Traditionally, paper made in North America was made in an acidic manufacturing environment, involving the use of a variety of chemicals including alum, rosin sizing and clays. Beginning in the mid to late 1980's a revolution took place as paper manufacturers began switching to an alkaline-based environment. One of the primary advantages to making this adjustment was the introduction of precipitated calcium carbonate (PCC). The primary use of PCC is as a filler when constructing the paper, providing a number of advantages. These advantages include brighter paper, better opacity, improved printability, increased thickness, and most importantly, a reduction in the amount of wood fiber required to make paper.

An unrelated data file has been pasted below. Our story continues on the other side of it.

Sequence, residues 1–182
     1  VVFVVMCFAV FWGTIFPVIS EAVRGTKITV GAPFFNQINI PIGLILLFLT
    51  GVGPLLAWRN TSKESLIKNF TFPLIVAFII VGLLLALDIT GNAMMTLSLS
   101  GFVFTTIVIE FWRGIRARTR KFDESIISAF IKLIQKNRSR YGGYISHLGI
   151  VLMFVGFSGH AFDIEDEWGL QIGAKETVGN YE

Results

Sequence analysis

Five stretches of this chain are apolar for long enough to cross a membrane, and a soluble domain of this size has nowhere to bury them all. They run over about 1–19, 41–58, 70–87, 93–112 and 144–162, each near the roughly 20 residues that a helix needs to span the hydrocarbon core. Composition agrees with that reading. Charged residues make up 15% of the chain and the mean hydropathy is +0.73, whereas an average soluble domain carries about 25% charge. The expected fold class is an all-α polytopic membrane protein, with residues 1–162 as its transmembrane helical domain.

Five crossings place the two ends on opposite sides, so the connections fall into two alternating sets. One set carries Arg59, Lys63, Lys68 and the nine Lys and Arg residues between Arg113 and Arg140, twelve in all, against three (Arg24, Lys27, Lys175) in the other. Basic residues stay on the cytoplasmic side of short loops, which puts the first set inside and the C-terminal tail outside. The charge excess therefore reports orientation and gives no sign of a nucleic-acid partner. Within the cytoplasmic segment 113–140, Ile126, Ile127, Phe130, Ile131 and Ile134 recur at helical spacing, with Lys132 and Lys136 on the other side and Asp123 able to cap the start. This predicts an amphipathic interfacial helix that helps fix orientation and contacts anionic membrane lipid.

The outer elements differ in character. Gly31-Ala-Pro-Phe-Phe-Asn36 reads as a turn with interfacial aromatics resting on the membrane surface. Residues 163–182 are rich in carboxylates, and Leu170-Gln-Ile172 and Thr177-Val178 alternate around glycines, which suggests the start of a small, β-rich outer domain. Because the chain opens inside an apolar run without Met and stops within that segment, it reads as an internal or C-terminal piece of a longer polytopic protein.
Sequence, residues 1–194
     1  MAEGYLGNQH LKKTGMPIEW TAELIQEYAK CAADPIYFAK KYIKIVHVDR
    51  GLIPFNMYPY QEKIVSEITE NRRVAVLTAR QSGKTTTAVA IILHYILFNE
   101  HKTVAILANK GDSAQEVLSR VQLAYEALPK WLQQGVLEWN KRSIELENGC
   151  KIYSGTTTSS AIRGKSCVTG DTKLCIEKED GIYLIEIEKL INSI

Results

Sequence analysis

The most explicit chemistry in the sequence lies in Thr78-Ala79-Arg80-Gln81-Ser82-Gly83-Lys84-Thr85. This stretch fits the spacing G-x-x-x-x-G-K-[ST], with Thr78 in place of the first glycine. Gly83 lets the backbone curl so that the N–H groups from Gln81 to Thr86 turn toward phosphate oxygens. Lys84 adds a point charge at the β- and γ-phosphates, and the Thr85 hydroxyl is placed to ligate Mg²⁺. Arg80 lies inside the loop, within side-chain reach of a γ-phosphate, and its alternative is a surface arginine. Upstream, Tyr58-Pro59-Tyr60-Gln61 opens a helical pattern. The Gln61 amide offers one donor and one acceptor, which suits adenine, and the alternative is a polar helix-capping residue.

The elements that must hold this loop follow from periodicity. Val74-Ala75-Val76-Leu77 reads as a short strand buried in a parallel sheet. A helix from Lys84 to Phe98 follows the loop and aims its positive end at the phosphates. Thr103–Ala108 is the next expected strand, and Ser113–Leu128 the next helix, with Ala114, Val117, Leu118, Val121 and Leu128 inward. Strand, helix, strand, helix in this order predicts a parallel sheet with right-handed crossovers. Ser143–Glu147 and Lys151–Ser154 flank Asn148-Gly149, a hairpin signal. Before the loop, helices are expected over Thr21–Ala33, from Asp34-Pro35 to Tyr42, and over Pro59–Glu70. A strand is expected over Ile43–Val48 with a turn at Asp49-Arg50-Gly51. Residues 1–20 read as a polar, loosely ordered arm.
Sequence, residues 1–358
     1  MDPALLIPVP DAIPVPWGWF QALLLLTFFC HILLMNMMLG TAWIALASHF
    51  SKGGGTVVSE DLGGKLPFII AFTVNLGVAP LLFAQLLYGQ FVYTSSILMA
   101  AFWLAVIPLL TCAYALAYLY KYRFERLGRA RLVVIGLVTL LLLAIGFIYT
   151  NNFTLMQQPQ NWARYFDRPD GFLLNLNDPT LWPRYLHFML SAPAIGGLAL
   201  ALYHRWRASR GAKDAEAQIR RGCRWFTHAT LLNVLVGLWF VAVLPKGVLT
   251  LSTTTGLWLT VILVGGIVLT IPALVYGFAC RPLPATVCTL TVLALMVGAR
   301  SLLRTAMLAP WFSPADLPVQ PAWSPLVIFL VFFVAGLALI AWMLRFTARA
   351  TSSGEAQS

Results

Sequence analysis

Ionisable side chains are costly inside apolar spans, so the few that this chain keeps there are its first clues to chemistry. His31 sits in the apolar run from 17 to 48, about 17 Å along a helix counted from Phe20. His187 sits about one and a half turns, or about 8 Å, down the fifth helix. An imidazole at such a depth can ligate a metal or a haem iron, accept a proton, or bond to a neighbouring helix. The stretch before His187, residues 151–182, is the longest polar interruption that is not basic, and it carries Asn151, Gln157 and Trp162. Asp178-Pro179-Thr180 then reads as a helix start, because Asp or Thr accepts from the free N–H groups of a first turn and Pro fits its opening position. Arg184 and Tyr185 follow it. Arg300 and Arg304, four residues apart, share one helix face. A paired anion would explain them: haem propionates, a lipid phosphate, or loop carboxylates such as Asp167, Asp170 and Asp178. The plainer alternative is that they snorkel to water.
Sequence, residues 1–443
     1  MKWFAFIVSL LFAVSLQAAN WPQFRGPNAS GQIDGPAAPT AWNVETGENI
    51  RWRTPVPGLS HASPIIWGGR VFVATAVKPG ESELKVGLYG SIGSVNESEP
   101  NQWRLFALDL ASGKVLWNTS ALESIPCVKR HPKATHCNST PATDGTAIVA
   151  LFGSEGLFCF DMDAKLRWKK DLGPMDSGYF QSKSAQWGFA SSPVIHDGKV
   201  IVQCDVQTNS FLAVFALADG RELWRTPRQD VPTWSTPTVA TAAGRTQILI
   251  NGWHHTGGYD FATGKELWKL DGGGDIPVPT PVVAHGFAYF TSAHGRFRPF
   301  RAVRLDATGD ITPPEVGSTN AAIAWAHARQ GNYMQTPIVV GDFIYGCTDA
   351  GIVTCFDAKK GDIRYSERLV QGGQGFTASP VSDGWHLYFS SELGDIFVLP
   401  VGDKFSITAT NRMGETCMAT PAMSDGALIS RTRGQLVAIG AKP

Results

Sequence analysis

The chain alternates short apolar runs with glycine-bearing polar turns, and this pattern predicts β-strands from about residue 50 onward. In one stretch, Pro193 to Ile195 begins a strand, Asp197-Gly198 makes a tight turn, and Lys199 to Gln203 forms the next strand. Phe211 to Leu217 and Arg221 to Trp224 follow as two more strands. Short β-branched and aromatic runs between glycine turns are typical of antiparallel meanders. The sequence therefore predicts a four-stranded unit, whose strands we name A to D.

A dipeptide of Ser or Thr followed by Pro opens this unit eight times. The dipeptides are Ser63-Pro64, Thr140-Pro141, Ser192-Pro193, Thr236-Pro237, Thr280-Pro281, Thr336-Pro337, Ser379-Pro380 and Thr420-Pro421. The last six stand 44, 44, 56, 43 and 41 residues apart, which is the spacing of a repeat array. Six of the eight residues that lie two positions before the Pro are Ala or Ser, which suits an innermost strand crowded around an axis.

Another important advantage of PCC is that it is generally less expensive than the clay-fillers it has replaced. This is because the raw materials used to make PCC are lime (calcium oxide or CaO) and carbon dioxide (CO2) emitted by the mills.
Graymont has played a major role in the development of the PCC market. In addition to supplying a number of production facilities with the high quality of quicklime required for this exacting process, Graymont owns and operates two PCC plants on the west coast. Graymont has also invested in innovative transportation systems to better supply customer requirements. This includes the use of four specialized barges specifically designed for transporting PCC.